UNIVERSITY PARK, Pa. — In June, the American Society of Heating and Air-Conditioning Engineers (ASHRAE) approved Standard 241, which establishes minimum requirements for building owners, operators and professionals to improve indoor air quality and reduce the risk of disease transmission through infectious aerosols. The task force that created Standard 241 was led by William Bahnfleth, professor of architectural engineering at Penn State.
Bahnfleth discussed the new standard and the importance of indoor air quality to overall health in the Q&A below.
During the pandemic, we learned the importance of clean indoor air, but is it as simple as opening a window? What all contributes to indoor air quality?
Bahnfleth: Sadly, we’ve had the data to show how important indoor air quality (IAQ) is for a long time. There were ventilation standards for infection control in the 1890s. Sick building syndrome emerged as a major problem in the 1970s. Research over the past 30 years has documented adverse effects on sleep quality, productivity and cognitive function when IAQ is poor.
Maintaining good IAQ may be as simple as flushing a building with lots of outdoor air, but that is rarely the best solution. All of that air must be heated or cooled, humidified or dehumidified to bring it to indoor conditions. That can require a lot of energy. Filtration, other kinds of air cleaning, and air disinfection can complement outdoor air and provide good IAQ more efficiently and at lower overall cost.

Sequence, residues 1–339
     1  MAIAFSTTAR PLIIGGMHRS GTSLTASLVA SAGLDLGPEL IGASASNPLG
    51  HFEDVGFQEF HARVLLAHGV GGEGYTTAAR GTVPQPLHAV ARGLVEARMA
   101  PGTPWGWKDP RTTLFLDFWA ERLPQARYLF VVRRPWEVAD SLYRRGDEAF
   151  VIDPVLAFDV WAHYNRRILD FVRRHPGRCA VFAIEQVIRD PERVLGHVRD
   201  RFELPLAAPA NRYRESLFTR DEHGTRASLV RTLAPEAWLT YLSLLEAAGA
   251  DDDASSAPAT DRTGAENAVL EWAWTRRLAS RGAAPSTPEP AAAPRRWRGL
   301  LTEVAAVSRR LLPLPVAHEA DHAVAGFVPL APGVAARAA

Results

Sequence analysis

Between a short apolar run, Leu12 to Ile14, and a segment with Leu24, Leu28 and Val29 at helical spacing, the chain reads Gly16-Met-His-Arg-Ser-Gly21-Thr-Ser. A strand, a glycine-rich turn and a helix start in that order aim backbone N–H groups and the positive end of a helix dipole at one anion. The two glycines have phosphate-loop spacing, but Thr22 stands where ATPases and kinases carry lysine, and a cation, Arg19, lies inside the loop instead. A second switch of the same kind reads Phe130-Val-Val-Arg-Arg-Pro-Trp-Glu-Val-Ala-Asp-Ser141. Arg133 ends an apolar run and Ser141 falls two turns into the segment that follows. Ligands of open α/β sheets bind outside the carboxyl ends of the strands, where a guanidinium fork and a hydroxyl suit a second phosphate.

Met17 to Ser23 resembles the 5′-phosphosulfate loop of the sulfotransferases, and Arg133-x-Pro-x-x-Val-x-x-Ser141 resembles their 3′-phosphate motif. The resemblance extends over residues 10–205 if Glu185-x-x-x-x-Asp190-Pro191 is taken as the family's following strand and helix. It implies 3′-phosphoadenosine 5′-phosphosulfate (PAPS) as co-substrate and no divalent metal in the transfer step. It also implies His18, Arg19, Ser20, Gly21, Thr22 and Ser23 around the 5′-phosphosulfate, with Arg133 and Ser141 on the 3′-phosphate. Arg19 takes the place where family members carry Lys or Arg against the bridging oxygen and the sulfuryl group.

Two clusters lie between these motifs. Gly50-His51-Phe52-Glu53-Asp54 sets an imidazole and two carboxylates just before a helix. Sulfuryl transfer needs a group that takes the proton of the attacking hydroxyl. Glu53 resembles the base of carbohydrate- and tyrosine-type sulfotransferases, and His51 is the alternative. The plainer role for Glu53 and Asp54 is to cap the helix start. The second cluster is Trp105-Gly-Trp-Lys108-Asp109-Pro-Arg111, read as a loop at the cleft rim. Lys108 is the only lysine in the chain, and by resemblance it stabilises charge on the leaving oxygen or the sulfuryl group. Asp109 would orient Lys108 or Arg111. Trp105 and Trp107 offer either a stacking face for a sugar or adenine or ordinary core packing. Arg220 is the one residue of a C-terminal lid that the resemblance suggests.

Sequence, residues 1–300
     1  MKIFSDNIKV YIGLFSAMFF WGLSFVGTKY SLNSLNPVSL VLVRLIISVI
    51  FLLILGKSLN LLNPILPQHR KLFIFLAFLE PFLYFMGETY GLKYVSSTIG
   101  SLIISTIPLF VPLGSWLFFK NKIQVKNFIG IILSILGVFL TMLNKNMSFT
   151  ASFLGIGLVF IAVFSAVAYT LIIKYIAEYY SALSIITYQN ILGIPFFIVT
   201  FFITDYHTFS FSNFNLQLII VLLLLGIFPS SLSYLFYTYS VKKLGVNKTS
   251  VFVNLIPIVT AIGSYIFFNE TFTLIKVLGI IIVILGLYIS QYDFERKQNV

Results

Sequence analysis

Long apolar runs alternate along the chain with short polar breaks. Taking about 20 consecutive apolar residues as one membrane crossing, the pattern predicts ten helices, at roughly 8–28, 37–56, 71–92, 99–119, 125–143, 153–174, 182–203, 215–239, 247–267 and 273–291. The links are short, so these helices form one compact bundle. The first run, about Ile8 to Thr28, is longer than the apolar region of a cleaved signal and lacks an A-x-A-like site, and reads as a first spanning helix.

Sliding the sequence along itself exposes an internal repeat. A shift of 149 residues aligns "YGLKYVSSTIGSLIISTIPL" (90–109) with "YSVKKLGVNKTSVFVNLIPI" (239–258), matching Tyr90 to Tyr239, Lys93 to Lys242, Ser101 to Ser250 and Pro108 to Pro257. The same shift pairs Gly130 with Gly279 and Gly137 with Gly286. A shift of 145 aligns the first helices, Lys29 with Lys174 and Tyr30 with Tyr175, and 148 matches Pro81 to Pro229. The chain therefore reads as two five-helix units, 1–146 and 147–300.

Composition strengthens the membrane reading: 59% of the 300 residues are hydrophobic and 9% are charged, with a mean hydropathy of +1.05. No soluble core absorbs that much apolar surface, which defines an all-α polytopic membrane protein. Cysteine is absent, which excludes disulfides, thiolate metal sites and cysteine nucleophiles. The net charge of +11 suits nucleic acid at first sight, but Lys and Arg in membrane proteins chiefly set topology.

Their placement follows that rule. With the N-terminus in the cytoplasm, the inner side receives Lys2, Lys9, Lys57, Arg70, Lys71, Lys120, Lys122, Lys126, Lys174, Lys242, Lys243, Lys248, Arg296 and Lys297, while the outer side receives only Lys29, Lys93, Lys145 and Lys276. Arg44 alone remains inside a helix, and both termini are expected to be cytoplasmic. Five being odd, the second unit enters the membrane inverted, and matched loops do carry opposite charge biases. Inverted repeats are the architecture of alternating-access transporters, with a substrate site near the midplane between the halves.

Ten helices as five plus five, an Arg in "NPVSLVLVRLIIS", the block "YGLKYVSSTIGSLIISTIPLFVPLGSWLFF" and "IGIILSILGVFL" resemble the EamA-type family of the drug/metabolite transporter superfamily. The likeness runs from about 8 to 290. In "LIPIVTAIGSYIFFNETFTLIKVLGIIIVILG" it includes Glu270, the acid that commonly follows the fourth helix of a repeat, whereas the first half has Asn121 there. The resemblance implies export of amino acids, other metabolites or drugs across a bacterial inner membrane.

How does ASHRAE factor in? What does the new standard represent for the general public?
Bahnfleth: ASHRAE’s minimum standards for acceptable IAQ and energy use of buildings have been the basis of building codes since the 1970s. Today, ASHRAE is developing new standards and guidelines for decarbonizing buildings, mitigating the effects of wildfire smoke, and reducing risk of airborne disease transmission indoors — Standard 241.
It’s the first standard in a century to establish minimum requirements for reducing infection risk by controlling infectious aerosols, the small pathogen-containing particles emitted when an infected person exhales, and it does so in a way that can be adopted and enforced by authorities. It is intended to apply to periods of elevated risk, like the emergence of a dangerous new pathogen, and could also be applied to periods of high risk from influenza and other established diseases.
What are the key takeaways?
Bahnfleth: The most important thing Standard 241 does is to establish what we call “equivalent clean air” delivery requirements for different types of spaces. A building has a minimum air quality value that can be met by providing outdoor air to dilute infectious aerosols, filtering indoor air to remove them, or using other technologies to inactivate them.